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“The domestic market is going to be propelling forward”: RDMC’s Tarun Nahata

“The domestic market is going to be propelling forward”: RDMC’s Tarun Nahata

By: Divya Sudarsanan

 

Trailblazers in the gear manufacturing industry, and a five-decade run family business, Tarun Nahata, Partner of RDMC, spoke with Gear Technology India of their journey, the defence sector, the challenges of the Indian gear industry and more.

 

Journey of RDMC

 

In 1972, RDMC was started by Tarun Nahata’s father, JK Nahata. Tarun Nahata says, “He came with a mindset that he wanted to enter into the manufacturing of heavy engineering segment. He chose this segment because he wanted to add value rather than do a run-of-the-mill job. He started off with earth moving and off-highway segments.”

 

RDMC is predominantly into manufacturing of high precision gears and CNC components for the off-highway, locomotive, defence, marine, windmill, cement, and tanks.

 

“We have partnered with all our customers, and proudly say that in the 50 years of journey, they are still with us. We benefit from not just being a partner to them, but also being a partner to learning from them which has been very huge,” he adds.

 

Exports

 

RDMC is committed to delivering world-class products. He says, “We do export to the European and the North American markets, and we have the top-of-the-line customers like Caterpillar, Renk and Flender to name a few.

 

These are the world leaders in whatever they do. We only follow the world leaders, and try to make a niche, by giving them the best product that India can give.” One of his proudest moments was when a customer commended their superior work stating that their work was parallel with German gear manufacturing, if not better.

 

Maximum Size of Gears

 

He says, “Typically, we do gears for gearboxes and transmissions and we have the capacity to do up to 1.8 meter external gears in finished cut, and up to 1.5 meter we can do ground gears. We can give them accuracy of DIN 6. In aerospace components that we do, we typically try to do it within DIN 4 and 5.”

 

In addition, RDMC does high precision and high-speed gears for the textile and printing machines, especially printing machines where the RPM goes about 70,000.

 

The gears are explicitly qualified for DIN 5 accuracy. “Our manufacturing resources have the best grinding, hobbing, and testing machines. We have everything on top of the line, you could say, the Bentleys and the Bugattis of the gear industry,” he matter-of-factly states.

 

Gears in Different Segments

 

RDMC’s gears are used in windmills, and industries such as cement plants, steel mills, sugar mills, and power plants. He notes, “We also do gears for winches. Sometimes, we do get some requirement from the Army for their old gearboxes for rehauling and refurbishing.” Besides this, they also do gears for the marine industry. They also happen to be globally certified. Nahata explains, “You need a certificate. Only then can you qualify as a supplier, and we are. We are certified, so globally any of their franchisees can come to me.”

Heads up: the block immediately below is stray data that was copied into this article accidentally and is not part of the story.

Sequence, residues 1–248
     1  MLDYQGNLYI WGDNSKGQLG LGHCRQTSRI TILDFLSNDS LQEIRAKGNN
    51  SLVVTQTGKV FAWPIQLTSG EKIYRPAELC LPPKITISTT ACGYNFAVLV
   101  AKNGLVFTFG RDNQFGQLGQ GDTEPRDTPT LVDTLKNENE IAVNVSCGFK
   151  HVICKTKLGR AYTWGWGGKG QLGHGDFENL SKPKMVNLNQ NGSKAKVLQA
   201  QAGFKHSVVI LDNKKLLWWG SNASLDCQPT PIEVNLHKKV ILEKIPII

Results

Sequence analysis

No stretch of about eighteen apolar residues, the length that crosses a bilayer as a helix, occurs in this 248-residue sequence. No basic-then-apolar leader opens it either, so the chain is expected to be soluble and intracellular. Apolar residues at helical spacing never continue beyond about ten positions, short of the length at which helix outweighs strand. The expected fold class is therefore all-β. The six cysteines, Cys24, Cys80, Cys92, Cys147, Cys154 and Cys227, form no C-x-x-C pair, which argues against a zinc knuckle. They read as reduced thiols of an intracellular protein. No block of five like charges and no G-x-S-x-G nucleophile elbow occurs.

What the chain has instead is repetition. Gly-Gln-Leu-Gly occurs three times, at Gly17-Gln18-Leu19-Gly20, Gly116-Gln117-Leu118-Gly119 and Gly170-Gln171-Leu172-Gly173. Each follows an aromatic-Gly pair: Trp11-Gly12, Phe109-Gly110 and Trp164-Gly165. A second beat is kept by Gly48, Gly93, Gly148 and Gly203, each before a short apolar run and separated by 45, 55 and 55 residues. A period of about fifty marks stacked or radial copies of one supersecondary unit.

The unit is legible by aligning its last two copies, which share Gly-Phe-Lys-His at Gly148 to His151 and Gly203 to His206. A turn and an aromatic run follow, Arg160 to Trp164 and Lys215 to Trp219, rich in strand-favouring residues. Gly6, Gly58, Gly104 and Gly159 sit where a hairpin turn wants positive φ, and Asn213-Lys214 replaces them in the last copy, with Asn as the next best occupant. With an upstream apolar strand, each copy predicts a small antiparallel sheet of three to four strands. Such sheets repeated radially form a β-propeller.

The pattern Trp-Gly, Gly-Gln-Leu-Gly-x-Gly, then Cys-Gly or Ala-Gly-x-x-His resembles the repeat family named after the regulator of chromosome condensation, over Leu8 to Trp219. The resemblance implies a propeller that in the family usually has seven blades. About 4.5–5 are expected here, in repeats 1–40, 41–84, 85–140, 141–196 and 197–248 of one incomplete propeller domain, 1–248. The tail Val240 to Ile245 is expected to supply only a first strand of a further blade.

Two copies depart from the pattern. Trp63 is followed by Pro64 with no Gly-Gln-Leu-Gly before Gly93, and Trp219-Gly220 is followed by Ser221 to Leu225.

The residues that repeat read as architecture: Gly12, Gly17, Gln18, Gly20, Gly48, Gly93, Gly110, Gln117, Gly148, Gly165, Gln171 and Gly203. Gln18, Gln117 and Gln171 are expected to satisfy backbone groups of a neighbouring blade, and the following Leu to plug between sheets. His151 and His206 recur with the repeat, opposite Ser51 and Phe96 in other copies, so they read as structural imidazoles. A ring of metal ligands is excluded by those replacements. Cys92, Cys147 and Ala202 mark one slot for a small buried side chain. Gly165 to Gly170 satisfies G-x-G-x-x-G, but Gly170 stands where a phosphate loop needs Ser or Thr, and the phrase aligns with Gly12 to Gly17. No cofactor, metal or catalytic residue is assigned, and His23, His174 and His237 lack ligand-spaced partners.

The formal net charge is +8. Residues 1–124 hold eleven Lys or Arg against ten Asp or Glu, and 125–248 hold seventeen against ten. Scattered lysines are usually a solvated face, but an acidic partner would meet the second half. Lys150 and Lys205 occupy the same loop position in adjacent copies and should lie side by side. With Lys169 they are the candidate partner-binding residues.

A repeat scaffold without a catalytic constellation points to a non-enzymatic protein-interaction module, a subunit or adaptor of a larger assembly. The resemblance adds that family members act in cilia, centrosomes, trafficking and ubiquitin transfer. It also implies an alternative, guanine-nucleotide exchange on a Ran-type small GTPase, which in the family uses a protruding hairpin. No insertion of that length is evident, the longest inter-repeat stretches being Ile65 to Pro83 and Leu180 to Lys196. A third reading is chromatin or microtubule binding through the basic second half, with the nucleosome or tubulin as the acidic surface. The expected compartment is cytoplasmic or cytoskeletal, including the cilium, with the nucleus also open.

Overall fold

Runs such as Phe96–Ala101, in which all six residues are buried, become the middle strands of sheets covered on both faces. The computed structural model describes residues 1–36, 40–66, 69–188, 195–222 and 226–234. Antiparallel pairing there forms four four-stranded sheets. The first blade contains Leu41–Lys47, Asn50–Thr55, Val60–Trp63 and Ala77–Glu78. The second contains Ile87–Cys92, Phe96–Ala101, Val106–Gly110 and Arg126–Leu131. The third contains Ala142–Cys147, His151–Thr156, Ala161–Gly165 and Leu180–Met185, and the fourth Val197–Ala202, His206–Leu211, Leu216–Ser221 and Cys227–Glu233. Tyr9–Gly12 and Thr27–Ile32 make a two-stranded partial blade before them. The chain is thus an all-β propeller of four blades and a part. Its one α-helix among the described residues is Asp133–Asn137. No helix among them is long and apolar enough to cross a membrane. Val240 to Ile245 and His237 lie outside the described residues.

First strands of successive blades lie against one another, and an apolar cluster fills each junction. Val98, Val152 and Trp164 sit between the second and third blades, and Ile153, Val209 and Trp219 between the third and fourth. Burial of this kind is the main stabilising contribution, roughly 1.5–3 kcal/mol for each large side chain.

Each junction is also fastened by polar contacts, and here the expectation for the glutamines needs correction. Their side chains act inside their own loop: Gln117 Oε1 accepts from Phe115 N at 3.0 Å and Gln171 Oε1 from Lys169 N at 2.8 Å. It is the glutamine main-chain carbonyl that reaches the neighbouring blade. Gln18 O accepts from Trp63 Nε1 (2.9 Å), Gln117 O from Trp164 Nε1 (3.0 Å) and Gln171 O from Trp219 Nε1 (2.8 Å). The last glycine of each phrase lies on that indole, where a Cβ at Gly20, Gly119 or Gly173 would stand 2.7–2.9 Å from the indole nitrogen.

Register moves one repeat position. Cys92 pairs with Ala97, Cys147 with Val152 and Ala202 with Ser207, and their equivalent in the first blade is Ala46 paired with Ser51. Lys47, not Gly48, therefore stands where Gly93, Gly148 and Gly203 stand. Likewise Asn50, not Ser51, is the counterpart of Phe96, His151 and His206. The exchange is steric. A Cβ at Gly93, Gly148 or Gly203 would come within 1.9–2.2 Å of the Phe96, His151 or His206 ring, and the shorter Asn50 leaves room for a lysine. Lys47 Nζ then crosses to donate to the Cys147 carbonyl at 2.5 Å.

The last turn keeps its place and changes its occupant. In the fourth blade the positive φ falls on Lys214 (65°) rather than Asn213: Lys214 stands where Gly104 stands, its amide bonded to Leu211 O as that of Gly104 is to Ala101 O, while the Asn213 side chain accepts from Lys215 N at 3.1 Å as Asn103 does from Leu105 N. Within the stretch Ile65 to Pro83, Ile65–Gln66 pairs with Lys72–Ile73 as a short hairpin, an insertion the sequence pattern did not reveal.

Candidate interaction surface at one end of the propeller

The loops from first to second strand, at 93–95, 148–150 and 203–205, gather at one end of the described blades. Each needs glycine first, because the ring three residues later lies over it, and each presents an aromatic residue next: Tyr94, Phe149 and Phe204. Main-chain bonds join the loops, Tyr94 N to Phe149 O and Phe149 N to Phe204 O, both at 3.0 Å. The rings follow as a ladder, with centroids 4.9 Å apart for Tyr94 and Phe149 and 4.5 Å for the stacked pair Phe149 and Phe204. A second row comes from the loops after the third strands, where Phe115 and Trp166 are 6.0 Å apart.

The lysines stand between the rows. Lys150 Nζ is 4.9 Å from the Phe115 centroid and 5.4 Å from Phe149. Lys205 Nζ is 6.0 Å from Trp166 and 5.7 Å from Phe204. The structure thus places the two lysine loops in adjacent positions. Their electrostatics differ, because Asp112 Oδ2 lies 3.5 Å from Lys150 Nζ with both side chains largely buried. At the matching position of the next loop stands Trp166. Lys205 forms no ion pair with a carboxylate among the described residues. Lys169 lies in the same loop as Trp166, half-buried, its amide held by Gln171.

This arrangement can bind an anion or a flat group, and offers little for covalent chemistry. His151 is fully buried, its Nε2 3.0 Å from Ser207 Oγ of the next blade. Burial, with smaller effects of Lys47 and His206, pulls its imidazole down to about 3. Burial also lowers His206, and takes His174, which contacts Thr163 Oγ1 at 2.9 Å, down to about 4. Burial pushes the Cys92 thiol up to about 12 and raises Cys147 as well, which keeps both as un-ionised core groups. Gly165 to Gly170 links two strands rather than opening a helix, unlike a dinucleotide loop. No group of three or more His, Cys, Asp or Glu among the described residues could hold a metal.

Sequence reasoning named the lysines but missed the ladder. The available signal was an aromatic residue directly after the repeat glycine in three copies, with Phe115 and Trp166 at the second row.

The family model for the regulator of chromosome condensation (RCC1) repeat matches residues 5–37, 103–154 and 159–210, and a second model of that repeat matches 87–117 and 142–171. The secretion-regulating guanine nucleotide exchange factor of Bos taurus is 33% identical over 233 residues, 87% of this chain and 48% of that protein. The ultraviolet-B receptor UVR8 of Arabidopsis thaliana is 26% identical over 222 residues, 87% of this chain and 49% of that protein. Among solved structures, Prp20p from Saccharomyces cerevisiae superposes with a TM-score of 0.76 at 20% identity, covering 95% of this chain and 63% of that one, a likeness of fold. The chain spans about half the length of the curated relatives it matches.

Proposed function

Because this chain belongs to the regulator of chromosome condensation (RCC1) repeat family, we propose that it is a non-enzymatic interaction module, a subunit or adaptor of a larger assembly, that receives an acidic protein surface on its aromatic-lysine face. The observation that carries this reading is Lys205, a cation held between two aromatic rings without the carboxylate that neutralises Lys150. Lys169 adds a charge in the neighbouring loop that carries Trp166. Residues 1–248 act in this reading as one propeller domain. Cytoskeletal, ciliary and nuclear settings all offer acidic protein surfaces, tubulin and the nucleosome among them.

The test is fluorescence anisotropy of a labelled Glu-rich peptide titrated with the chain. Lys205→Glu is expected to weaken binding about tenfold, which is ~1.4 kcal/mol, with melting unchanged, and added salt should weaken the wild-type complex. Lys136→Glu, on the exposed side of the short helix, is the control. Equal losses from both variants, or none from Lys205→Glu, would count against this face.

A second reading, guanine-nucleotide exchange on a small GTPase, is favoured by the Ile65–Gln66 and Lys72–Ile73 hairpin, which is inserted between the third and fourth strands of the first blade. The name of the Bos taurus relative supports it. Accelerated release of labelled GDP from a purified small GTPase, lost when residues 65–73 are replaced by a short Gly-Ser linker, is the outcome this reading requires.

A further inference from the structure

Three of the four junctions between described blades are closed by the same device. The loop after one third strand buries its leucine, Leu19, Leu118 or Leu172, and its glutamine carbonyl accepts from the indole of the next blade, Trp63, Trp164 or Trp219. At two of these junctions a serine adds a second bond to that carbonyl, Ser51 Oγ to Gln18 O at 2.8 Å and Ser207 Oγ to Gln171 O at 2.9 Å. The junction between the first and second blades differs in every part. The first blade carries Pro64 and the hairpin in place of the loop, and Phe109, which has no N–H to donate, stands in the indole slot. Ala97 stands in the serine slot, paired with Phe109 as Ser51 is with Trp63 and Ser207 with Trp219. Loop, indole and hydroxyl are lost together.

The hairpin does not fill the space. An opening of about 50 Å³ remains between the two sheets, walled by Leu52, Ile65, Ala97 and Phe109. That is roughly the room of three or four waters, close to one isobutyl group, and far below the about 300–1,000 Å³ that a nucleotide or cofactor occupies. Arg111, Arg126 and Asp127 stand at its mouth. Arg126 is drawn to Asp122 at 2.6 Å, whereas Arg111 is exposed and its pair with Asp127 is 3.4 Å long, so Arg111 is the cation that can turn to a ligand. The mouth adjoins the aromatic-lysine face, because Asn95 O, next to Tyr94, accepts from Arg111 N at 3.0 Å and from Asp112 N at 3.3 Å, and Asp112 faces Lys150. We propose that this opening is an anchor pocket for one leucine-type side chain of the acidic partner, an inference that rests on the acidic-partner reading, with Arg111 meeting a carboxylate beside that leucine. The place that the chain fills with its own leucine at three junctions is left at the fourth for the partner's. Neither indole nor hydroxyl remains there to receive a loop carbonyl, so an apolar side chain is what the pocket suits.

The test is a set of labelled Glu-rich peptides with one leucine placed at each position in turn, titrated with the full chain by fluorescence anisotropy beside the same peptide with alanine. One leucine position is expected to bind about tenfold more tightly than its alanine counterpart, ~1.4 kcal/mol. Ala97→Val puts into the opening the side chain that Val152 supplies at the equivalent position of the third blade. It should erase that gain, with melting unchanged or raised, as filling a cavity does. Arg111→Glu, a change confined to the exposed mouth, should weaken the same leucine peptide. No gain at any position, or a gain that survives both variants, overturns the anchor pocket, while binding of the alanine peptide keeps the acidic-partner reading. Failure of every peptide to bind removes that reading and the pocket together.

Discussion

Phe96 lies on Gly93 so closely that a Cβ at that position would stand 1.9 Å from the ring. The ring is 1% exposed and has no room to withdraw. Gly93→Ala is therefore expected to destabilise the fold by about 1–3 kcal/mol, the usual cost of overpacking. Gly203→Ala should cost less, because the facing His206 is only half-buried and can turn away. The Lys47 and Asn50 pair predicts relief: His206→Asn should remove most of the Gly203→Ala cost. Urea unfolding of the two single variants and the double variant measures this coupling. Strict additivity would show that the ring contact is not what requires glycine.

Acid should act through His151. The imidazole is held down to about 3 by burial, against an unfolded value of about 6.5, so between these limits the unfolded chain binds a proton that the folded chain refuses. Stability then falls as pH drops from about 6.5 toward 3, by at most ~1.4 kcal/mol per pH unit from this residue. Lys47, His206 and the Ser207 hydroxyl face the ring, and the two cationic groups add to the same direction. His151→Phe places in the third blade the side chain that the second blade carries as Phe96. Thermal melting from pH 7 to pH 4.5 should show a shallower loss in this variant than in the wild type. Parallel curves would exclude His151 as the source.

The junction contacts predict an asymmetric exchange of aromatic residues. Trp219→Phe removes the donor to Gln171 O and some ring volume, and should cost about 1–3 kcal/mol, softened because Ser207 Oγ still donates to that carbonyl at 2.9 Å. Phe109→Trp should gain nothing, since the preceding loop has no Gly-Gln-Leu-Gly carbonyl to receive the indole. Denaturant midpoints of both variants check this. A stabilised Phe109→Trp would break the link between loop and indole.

Defence Sector

 

RDMC has also made its mark in the defence industry which is a growing sector, and elaborates on the progress they have made. He says, “We are currently doing one of the most complex gears for the transmission of the T-72 and T-90 tank.

 

We have successfully completed the carrier assembly, and now the sun gear train where there are three different sun gears wherein the wall thickness is very less, the accuracies after gear cutting are within 18 microns; the runout after induction hardening and wall thickness is so less, which initially when we had a look, we said, ‘I think we are going to burn our hands,’ and we did lose a lot of jobs on the path. But finally, when we succeeded, it was a fantastic process that we got in control. It was phenomenal because we could see the repeatability of that.”

 

They were also a part of the ATAGS – Advanced Towed Artillery Gun System. He proudly notes, “We have been given a certification by Tata SED for successfully proving out the breach to housing, and breach to assembly, which was used for the ATAGS that did a firing of 48 kms with a barrel of Ø155 mm, and broke the world record. The MoD also appreciated us through TATA SED.” Besides this, Nahata is also involved with the K9-Vajra tanks for L&T.